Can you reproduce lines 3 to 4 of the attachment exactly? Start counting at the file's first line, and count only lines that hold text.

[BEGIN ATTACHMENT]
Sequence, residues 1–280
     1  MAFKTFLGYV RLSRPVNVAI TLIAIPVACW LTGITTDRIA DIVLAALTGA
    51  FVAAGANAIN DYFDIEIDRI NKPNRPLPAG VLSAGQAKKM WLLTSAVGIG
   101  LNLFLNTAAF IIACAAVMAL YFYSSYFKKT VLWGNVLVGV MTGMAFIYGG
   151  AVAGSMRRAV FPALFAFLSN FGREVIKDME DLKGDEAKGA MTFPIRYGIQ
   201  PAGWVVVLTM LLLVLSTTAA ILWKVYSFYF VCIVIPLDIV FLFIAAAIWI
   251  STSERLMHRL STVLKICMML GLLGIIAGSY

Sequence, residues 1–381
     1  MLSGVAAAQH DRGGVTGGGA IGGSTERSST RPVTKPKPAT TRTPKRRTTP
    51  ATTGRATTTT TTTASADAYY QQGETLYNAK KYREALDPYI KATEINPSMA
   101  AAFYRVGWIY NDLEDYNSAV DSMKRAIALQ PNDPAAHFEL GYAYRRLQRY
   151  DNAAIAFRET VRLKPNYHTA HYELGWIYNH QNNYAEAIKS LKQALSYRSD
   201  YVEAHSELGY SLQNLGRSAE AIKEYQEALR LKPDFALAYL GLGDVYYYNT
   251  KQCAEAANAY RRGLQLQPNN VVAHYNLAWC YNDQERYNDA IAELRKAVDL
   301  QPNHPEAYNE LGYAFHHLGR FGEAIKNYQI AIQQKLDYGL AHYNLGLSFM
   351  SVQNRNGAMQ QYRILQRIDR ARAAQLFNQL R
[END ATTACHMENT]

    51  FVAAGANAIN DYFDIEIDRI NKPNRPLPAG VLSAGQAKKM WLLTSAVGIG
   101  LNLFLNTAAF IIACAAVMAL YFYSSYFKKT VLWGNVLVGV MTGMAFIYGG